Tuberous sclerosis complex is a genetic disorder that causes tumors to form in many different organs. TSC particularly affects neurologic functions, often leading to seizures, developmental delay, intellectual disability and autism. About 80% of children with TSC develop epilepsy within the first three years of life.
Researchers at the University of Alabama at Birmingham have launched the first drug study aimed at preventing or delaying the onset of epilepsy in children with a genetic condition known as tuberous sclerosis complex. UAB is the lead institution and data center for the PREVeNT study, a national, multisite study funded by a $7 million grant from the National Institutes of Health.
‘The study aims to determine the impact of a preventive treatment with vigabatrin on the developmental outcome of kids with tuberous sclerosis complex at two years of age.’
"There is a small window, perhaps two to three months in duration, between the first detectable signs of abnormal brain activity and the onset of seizures in infants with TSC," said Martina Bebin, professor in the Department of Neurology in the UAB School of Medicine and the study's primary investigator. "Those detectable signs can be discovered through electroencephalography, or EEG, before any symptoms are present. This window gives us an opportunity for preventive therapeutic intervention to delay or prevent the onset of seizures."
Previous studies by Bebin's research team identified EEG biomarkers of abnormal brain activity in infants with TSC. These biomarkers typically are detectable within the first four to six months of the infant's life, and predate the onset of seizures by two to three months.
Using EEG, the new study will look for the presence of the biomarkers to determine when abnormal brain activity begins, and then launch a drug intervention during the window between the first signs of abnormal brain activity and before seizure onset. The researchers are hoping to determine whether early intervention will have a positive effect on developmental outcomes and delay or prevent the onset of seizures.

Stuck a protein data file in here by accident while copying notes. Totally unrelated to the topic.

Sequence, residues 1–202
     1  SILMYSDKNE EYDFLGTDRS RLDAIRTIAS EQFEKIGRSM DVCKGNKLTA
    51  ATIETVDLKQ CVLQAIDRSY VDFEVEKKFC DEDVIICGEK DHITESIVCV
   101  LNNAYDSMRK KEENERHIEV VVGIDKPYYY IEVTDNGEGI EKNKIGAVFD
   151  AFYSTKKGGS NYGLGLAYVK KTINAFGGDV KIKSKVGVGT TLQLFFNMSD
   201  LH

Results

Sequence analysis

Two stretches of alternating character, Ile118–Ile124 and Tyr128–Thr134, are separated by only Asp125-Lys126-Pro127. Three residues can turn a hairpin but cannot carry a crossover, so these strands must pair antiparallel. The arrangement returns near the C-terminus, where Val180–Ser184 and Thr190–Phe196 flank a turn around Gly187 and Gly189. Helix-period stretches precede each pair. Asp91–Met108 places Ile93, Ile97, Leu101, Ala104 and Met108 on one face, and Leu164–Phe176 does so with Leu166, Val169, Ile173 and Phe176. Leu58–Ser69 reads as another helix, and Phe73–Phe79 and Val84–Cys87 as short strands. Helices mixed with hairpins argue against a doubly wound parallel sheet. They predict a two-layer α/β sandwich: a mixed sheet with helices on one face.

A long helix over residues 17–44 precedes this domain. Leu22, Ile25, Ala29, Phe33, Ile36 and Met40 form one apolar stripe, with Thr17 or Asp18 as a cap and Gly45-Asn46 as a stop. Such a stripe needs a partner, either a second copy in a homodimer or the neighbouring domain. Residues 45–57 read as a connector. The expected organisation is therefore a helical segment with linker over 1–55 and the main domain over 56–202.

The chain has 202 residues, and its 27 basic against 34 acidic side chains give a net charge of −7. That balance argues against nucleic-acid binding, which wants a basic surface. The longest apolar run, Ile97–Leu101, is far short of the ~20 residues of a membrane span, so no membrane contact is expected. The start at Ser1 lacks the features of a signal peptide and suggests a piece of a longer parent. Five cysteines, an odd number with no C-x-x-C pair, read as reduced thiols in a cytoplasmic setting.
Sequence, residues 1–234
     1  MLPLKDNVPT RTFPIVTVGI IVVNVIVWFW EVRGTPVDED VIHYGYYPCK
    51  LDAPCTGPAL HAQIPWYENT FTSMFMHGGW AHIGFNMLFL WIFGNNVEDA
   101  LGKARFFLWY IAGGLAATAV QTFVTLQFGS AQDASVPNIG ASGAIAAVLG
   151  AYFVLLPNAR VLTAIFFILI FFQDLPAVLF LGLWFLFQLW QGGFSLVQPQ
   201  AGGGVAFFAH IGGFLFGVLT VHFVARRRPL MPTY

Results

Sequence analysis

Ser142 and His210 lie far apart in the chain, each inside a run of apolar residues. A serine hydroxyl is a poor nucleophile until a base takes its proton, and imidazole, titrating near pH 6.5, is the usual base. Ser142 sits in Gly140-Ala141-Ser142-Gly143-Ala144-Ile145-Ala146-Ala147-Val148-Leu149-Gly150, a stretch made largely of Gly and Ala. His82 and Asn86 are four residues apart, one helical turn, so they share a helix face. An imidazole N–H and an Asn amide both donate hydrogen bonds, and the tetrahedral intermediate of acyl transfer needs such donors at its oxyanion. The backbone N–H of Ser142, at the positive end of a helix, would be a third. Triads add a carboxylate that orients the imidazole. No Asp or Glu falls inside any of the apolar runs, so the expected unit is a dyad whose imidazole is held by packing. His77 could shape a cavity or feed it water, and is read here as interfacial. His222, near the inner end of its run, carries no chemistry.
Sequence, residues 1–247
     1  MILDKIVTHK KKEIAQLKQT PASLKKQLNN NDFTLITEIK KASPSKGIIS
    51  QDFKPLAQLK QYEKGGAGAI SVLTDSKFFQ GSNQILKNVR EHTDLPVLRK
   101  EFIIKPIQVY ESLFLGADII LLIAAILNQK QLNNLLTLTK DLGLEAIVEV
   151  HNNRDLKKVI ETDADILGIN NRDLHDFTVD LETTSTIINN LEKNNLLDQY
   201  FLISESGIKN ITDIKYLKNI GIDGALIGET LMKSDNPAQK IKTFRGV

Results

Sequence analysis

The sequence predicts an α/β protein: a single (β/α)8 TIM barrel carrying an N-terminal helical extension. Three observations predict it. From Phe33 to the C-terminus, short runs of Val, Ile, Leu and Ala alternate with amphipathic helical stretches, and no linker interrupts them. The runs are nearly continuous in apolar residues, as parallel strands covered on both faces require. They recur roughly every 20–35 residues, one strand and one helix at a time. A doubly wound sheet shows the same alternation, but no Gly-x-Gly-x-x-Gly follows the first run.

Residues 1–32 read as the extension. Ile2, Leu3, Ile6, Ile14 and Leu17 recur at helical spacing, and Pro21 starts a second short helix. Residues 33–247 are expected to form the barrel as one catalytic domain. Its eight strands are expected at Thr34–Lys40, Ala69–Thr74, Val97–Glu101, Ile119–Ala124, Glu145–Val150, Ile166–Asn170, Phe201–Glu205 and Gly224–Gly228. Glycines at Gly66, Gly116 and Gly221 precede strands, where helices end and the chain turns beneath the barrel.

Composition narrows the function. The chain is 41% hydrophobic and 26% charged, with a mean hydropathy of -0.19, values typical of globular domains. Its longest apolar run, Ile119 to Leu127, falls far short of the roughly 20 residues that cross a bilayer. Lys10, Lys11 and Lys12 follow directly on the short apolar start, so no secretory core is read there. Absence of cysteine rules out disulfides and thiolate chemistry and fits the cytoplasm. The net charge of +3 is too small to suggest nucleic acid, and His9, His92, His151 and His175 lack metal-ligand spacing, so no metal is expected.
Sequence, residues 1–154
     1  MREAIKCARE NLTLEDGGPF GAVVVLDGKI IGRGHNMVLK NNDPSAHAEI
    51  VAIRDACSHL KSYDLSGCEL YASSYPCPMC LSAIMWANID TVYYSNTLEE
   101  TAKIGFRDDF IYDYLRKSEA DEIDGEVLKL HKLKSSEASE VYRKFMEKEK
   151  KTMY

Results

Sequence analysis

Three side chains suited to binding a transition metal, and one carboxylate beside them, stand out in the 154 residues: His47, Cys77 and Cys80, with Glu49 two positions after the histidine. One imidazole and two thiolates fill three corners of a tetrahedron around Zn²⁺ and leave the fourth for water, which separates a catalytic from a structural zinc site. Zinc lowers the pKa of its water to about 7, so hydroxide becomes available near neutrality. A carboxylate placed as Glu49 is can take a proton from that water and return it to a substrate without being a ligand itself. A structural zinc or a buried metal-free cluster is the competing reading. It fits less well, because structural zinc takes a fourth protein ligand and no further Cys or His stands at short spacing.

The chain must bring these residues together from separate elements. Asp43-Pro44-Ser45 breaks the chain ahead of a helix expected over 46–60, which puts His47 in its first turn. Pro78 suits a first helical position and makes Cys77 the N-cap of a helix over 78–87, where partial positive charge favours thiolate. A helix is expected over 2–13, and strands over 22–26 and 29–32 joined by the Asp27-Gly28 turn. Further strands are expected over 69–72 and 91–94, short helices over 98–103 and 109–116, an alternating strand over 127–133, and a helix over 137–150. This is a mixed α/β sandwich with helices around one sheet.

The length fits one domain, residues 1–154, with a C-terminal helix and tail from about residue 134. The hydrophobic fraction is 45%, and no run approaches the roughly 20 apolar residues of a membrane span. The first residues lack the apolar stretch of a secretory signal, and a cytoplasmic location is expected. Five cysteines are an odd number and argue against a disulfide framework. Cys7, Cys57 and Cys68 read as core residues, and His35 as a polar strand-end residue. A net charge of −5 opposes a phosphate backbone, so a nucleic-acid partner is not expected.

The study will recruit 80 infants with TSC at seven sites nationally. EEG monitoring will begin as early as six weeks of age, followed by serial EEG testing during the first 12 months of life. At the first sign of abnormal brain activity, half the infants will receive vigabatrin, a medication used to control infantile spasms, while the other half receive placebo. At the onset of clinical seizures, all of the children will transition to the standard of care for infants with TSC and seizures. The investigators will follow the children for three years to monitor developmental progress and the onset and severity of seizures.
"The aim of the study is to determine the impact of a preventive treatment with vigabatrin on the developmental outcome of children at two years of age," Bebin said. "Traditionally, most children with TSC don't see a neurologist until seizures begin. We want to examine the effects of early intervention, prior to the onset of seizures. If the intervention is successful, it could have a significant impact on clinical practice."
Bebin says a better understanding of brain activity prior to the onset of seizures could lead to changes in how infants with TSC are monitored and when medical intervention should commence.